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Standard Residential Lease Agreements

Standard residential real estate lease agreements consist of legally binding contracts between property owners and tenants that document the terms of leasing property. This type of agreement constitutes one of the most common lease contracts and has many of the same clauses regardless of the jurisdiction.


The importance of residential lease agreements becomes magnified during times of disagreements. Tenants must make sure they understand the lease so that they are clear about the expectations. This also lessens chances of encountering problems during the course of the lease and at the agreement’s termination.


The four kinds of residential lease agreements are fixed-term lease, periodic lease, tenancy at will and holdover lease agreements. The fixed-term lease outlines certain duration such as nine months or three years. A periodic lease obligates the property owner and tenant for only the current period month, which may go from week to week or month to month, but does not have a start or end date. A tenancy at will typically consists of an oral rental agreement that runs 30 days.

A holdover lease, also referred to as “tenancy at sufferance,” dictates the events when a tenant does not move out at the end of a fixed lease. Generally, the terms of the lease remain the same, except the lease does not have a duration. The property owner may move to evict the tenant without providing a notice.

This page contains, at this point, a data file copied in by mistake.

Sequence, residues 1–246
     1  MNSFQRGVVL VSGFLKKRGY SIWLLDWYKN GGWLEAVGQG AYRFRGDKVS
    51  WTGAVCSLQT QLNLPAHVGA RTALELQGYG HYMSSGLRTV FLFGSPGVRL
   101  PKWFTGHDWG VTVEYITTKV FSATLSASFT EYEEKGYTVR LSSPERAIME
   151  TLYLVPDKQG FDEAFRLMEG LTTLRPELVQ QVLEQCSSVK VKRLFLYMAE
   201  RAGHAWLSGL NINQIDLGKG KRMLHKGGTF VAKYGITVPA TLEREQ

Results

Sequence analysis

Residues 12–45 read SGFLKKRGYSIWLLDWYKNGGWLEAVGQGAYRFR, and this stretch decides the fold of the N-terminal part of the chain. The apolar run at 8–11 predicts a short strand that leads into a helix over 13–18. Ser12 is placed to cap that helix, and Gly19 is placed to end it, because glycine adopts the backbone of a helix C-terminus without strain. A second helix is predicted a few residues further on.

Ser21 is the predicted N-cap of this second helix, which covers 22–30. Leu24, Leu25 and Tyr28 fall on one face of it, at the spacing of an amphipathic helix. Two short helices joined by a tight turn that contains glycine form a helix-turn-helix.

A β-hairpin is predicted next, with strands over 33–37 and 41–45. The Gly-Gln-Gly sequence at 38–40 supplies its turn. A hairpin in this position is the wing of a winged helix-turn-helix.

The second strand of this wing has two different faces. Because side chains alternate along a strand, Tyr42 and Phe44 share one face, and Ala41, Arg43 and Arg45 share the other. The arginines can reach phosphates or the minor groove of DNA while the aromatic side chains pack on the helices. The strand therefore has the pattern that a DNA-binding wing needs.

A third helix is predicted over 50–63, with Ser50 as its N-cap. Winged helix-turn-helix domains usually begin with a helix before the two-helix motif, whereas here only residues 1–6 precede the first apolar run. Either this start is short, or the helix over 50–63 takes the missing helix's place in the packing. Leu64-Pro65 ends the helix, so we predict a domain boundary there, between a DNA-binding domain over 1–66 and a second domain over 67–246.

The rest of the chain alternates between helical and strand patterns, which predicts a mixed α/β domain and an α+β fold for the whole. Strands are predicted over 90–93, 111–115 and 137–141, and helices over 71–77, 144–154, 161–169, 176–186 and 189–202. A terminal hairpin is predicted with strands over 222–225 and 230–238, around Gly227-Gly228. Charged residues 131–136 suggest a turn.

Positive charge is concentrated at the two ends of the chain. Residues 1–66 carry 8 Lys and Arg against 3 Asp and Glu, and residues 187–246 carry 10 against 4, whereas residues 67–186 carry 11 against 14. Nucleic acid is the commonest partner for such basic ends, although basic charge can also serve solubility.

Lease agreements must contain clear language that addresses key issues. Most standard agreements contain many of the same provisions, including security deposits, rent payment and occupancy and use of the property. Many jurisdictions have laws that govern the amount of the security deposit, including the circumstances in which owners may use the deposit in case of damages, payment of interest rate and the time frame for returning the deposit.

The typical lease states the amount of the rent, methods of payment, the rent due date and penalties for late payment. The agreement should specify the method of delivery, such as mail or depositing in a drop box or at the management office. The occupancy clause outlines how the tenant may use the property. For example, the lease may prohibit the tenant from using a garage or operating certain types of businesses. Tenants and landlords should clarify the policy regarding pets, unit inspection and entering the premises and maintenance, repairs and improvements.

Time Frame

The typical agreement contains the beginning date and the end date for the lease. In addition, most leases contain language for the required notice period to vacate the property at the end of the lease period. Usually, state law dictates the number of days required, such as 30 days or 60 days.


State laws govern the clauses contained in residential lease agreements. Both tenants and property owners should familiarise themselves with their rights and responsibilities under the contact as well as state regulations. Many jurisdictions may not allow tenants to waive certain rights under landlord-tenant law, such as requirements pertaining to health and safety.